The thing I’m discovering is: this is a total lie. Latin names change all the freakin’ time, as we discover more about the species and its relatives.

For just one example: When I was growing up, I learned that the Latin name for a catalpa tree — the tree that stood outside the window of my Physics classroom in high school — was Catalpa catalpa. Heck, it was even a bonus question on a test once. (Thanks, Mr. Dilley). Turns out, Catalpa is a whole genus, and the one I was looking at was probably Catalpa speciosa. And I just learned that when Linnaeus first named the damn thing, it was Bignonia catalpa. None of this, of course, makes any sense unless you understand the phylogeny of the tree itself.

Reading Thoreau’s Walden, he uses Latin names a lot. And even though Walden Pond and Concord are right around the corner from where I live, I sometimes have no damn idea what he is writing about, because almost none of the names he knew in 1864 are in use any longer. (In at least one case, the name was outdated by the time he used it!) I can generally get close — like, hey, that’s some sort of owl he’s talking about, probably a barred owl — which I guess is a benefit over common names?

Anyway, my point is, it’s not a waste of time to learn common names. It’s about as useful as the Latin name, in the long run. Especially since the vast majority of the world is gonna use the common name.

Summer roguery

The last Shadowvale event happened after a ~ year of not exercising regularly, plus a recent bout of bronchitis, so let us just say, I was awfully out of shape. I definitely felt it puffing up that hill to McKnight Hall! To say nothing of how it affects my ability to do my role as a flanker (i.e. sneaky-stab-you-in-the-back-rogue) effectively…

Thus I’ve determined that I need to get myself rogue-fit… I’d say “again,” but I was never 100% where I want to be.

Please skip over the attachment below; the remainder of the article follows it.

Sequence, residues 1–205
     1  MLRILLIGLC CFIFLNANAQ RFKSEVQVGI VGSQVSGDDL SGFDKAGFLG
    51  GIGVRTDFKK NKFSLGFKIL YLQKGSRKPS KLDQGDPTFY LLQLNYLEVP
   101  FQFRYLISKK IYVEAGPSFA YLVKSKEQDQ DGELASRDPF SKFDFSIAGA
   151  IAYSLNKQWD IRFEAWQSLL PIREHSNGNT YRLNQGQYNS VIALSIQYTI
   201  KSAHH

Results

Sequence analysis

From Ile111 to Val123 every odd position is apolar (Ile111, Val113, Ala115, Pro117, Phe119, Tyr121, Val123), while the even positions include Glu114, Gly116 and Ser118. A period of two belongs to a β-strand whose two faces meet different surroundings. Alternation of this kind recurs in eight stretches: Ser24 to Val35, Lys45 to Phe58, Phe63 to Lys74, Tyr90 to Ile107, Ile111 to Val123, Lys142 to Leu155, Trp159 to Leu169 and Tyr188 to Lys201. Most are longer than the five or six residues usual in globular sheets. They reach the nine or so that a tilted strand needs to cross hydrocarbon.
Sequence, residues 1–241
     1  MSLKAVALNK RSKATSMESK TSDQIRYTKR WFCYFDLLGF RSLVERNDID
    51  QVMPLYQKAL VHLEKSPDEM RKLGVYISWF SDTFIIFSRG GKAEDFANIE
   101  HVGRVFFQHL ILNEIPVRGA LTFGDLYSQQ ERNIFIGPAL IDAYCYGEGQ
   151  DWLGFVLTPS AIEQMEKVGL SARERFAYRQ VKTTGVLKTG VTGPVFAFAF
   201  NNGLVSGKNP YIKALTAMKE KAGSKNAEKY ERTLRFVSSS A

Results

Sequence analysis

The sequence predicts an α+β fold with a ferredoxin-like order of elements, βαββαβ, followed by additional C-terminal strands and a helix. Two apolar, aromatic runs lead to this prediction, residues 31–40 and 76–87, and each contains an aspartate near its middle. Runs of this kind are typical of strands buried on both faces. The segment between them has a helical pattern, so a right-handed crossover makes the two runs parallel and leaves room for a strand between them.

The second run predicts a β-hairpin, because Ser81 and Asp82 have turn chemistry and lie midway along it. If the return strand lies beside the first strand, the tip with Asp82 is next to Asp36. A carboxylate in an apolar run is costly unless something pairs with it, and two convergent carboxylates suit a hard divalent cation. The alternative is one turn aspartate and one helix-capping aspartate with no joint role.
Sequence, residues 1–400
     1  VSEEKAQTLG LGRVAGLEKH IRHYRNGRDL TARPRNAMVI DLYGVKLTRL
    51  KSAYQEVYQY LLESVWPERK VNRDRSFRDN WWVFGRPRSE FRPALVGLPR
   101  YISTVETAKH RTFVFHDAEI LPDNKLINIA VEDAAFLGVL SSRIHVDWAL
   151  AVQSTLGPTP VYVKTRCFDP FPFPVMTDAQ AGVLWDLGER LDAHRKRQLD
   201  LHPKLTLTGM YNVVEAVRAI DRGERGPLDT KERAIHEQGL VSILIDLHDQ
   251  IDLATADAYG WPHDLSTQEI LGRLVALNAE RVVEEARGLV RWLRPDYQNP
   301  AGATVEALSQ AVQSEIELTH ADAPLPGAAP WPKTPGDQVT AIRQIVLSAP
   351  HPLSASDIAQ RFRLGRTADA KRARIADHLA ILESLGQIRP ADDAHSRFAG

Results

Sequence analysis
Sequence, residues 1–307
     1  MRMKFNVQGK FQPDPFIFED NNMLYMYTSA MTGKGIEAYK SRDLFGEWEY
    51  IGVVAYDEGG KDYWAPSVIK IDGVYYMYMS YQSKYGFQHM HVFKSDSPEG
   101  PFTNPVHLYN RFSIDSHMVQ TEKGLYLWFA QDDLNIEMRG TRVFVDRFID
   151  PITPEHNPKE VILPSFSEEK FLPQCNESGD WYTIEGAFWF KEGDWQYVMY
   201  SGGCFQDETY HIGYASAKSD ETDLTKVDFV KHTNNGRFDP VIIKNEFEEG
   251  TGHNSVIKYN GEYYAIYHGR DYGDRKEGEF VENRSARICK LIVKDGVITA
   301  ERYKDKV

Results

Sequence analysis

I was inspired in part by this article, which suggested specific exercises for getting fitter for larps, focusing on high-intensity intervals. I’ve started doing sprints of various lengths, and — lacking a rope-climbing setup — I’ve been doing weights exercises for my hands and arms to sorta simulate that. I also spent part of my walk in the woods this past weekend jumping over things and generally parkour-ing around, although I realized after the fact that since I was by myself this was probably SUPER DANGEROUS.

(Seriously, though, parkour is very on theme for rogue training, so it’s probably something I should look into! But maybe with a partner).

Also I signed up to run the 14th Annual Benefit 5K / 10K for Louisa May Alcott’s Orchard House in September. (I’m doing the 5K). You might recall I declined the opportunity to run this year’s Metrowest Corporate 5K, which I’d done previously — but that was largely because running with my coworkers made me unpleasantly competitive. I’m hoping running alone will allow that competitive side of myself to rest, while sufficiently motivating me to train.

Plus, the cause here is more interesting to me — I visited Orchard House for the first time in April and adored it, wishing I knew more about Alcott.


  • Converting Photoshop Letter Spacing to CSS. This article is so old the conversion tool doesn’t work any more, but it answered something I’d always wondered about! (And you can always do the math yourself).
  • Smash the Wellness Industry. How this “wellness” industry cons women into spending way more time and attention on diet than anything else.
  • Decluttering Burst: let go of one hundred things in less than an hour. I did this this past weekend, although I think a lot of what I got rid of was just trash. This is me starting to address the “minimalism” bullet point on my theme for the year.
  • Dammerung Larp. Man, I am so intrigued by this, and yet I absolutely do not have time to PC a larp in Pennsylvania. But it sounds like they are doing some really innovative things with this game, and I think Dan Comstock (of Goat LARP fame) is right when he says there’s nothing else quite like this going on in the U.S. right now.

In Conclusion

… there’s so much more I could write. About going to New Haven with EB. About making mead. About the Skyrim dinner I prepared with Alison.

But look, I can’t fit spend my life writing this blog post, so that’s going to have to be it for the week. See you in the future!